Grudges can be held a long time or short-term. But when people grow out of grudges, well, there is no one-size-fits-all answer. Will a person reach a point in his or her life when they decide a holding a grudge is not worth the time or effort invested? Maybe, maybe not. It often depends upon the individual situation.
There are those people who realize at an early age that holding onto grudges is not worth the energy. On the other hand, there are those who are simply just people who don’t grow out of grudges and sometimes this spans an entire lifetime. Others thrive and get energy through the fuel a grudge might provide. This further enables them to hold onto the grudge.
Whether or not people grow out of grudges is subjective. Although, you can look at the qualities of those people who hold grudges and compare with those who find it easier to forgive.
Is the Person a Grudge Holder?
Most people are likely to realize at some point over the course of time nothing positive typically ever emerges from harboring feelings of resentment for long periods of time. This is a good first step, however, the bigger challenge after coming to this realization is finding a way to effectively let go of bitterness. That can be hard, depending upon what caused the resentment in the first place.
When these grudges blossom and become firmly entrenched as a part of a person’s personality makeup, sometimes resentments often become a part of the identity of the grudge holder. The person who can’t seem to let go of the anger will find the daily harboring of resentment as a part of what motivates them throughout their daily living. If the grudge were to suddenly be released, it is possible he or she wouldn’t know what to do with his or herself because life loses its focus. For without this grudge, there is no focal point.
Grudge holders may realize holding onto bitterness is not healthy and see that unresolved anger mostly results in deeper anger. This is especially true if the grudge isn’t bringing the result they hope to achieve by holding it, because if the other party isn’t responding in kind, this only often fuels inner fury, perpetuating the situation.
Can the Person Easily Offer Forgiveness?
People who come to the realization that grudges can result in internal chaos, disruption in their personal lives and are unconstructive, typically find ways to let go. They don’t allow themselves to be fueled by anger nor do they thrive under circumstances when they come into conflict.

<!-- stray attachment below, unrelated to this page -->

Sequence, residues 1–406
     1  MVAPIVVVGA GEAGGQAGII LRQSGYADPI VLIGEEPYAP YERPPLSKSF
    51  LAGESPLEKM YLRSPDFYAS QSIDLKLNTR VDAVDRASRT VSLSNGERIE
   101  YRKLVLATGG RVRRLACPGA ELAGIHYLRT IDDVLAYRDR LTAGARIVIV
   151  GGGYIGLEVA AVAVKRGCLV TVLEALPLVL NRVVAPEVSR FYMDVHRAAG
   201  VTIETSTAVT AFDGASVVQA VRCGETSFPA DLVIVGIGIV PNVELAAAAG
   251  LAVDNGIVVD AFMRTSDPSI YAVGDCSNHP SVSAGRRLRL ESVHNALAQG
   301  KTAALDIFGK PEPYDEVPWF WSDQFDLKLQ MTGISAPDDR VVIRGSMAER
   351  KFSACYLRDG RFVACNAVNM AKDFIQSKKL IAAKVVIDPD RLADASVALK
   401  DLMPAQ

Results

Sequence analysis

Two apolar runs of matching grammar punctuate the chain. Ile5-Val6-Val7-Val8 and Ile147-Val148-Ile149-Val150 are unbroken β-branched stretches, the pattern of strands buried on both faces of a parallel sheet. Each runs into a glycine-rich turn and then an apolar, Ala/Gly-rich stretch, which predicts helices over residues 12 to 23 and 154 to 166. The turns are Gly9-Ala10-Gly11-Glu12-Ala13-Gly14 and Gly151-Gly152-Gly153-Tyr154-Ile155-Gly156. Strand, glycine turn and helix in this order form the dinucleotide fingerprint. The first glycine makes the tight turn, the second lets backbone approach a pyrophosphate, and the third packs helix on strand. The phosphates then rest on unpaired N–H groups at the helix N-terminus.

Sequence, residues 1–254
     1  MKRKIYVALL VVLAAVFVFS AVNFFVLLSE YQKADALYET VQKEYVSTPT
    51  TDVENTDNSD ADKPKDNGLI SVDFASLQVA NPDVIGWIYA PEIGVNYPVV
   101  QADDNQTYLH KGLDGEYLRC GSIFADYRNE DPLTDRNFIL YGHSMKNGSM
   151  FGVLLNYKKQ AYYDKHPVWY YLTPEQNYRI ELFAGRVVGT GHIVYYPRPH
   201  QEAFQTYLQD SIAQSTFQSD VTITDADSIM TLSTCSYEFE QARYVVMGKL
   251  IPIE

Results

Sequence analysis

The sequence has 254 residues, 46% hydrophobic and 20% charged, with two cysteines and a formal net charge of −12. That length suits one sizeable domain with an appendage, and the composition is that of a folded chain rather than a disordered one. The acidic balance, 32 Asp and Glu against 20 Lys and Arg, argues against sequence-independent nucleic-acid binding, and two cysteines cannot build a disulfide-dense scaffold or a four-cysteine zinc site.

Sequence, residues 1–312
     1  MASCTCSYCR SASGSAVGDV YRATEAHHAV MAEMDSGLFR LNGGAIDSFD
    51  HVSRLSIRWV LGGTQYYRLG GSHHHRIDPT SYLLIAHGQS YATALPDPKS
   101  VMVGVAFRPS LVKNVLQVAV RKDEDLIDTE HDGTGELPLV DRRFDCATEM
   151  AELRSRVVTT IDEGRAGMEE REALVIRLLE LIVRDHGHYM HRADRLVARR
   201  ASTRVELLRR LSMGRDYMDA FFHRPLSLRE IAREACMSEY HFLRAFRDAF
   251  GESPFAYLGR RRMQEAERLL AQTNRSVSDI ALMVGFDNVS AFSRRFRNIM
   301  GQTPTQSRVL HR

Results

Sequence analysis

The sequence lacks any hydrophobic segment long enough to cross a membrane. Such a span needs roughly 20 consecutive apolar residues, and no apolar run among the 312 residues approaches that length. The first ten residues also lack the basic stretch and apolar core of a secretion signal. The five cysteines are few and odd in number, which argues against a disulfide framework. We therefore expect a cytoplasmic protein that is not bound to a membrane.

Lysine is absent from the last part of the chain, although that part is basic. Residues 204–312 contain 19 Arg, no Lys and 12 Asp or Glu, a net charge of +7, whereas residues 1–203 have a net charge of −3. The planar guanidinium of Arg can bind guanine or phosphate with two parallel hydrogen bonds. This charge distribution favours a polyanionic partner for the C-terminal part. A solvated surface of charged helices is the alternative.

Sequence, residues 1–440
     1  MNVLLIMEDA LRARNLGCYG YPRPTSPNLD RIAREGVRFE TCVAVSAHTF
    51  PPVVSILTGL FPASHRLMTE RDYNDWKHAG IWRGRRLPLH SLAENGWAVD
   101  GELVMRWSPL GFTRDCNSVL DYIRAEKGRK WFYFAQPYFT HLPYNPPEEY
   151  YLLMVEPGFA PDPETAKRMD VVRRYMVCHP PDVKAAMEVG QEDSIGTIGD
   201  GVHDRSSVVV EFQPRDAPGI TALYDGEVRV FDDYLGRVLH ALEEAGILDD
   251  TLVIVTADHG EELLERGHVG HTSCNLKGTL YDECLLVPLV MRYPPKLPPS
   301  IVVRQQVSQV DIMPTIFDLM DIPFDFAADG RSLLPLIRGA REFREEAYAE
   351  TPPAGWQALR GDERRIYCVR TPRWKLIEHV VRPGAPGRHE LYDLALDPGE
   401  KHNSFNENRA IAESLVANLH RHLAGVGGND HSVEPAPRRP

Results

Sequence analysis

Instead, the forgiver finds ways to absolve wrongdoing or feelings of injustice and moves forward without putting too much focus on looking back. While they may not forget, they do forgive and don’t allow themselves to be ruled by grudges. Those who are able to let go of grudges don’t allow the person they feel wronged them have “rent free” space in their head. Instead they save that room for feelings that are emotionally lucrative and yield positive results and happiness.
One thing certain is that as most people age they eventually discover that in the scope of things life is relatively short and time is precious. It is not uncommon for a people to reach this stage of realization in their lives after an unfortunate event occurs. It is only at this time the grudge holder finally decides to let loose the closely held bitterness and allow it to go free. As a result, he or she sets him or herself free as well.
So do people outgrow grudges? Most of us probably do, but there are those who never will learn how to use the tools we are innately given to be able to let go.
Leigh has been writing on the web since 2007. She has a high interest in business, tech, higher education, and Washington D.C. and Northern Virginia travel, but loves to write about a variety of topics. In addition to writing on Writedge, she also runs a blog about the Washington DC Metro Area and a photography blog Photos by Leigh Goessl.